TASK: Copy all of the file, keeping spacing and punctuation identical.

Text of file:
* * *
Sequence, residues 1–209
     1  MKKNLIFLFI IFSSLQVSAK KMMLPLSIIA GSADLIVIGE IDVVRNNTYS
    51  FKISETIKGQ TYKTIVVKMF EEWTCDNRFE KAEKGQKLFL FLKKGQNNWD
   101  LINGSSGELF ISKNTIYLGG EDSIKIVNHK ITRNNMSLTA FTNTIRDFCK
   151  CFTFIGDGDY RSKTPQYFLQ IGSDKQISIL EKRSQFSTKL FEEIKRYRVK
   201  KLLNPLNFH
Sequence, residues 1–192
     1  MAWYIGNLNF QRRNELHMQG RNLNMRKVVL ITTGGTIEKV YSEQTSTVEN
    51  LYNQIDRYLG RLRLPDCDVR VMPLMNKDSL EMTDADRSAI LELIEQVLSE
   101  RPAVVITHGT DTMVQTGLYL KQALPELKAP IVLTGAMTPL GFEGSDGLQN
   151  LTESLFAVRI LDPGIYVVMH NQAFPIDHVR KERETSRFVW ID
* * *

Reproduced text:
Sequence, residues 1–209
     1  MKKNLIFLFI IFSSLQVSAK KMMLPLSIIA GSADLIVIGE IDVVRNNTYS
    51  FKISETIKGQ TYKTIVVKMF EEWTCDNRFE KAEKGQKLFL FLKKGQNNWD
   101  LINGSSGELF ISKNTIYLGG EDSIKIVNHK ITRNNMSLTA FTNTIRDFCK
   151  CFTFIGDGDY RSKTPQYFLQ IGSDKQISIL EKRSQFSTKL FEEIKRYRVK
   201  KLLNPLNFH
Sequence, residues 1–192
     1  MAWYIGNLNF QRRNELHMQG RNLNMRKVVL ITTGGTIEKV YSEQTSTVEN
    51  LYNQIDRYLG RLRLPDCDVR VMPLMNKDSL EMTDADRSAI LELIEQVLSE
   101  RPAVVITHGT DTMVQTGLYL KQALPELKAP IVLTGAMTPL GFEGSDGLQN
   151  LTESLFAVRI LDPGIYVVMH NQAFPIDHVR KERETSRFVW ID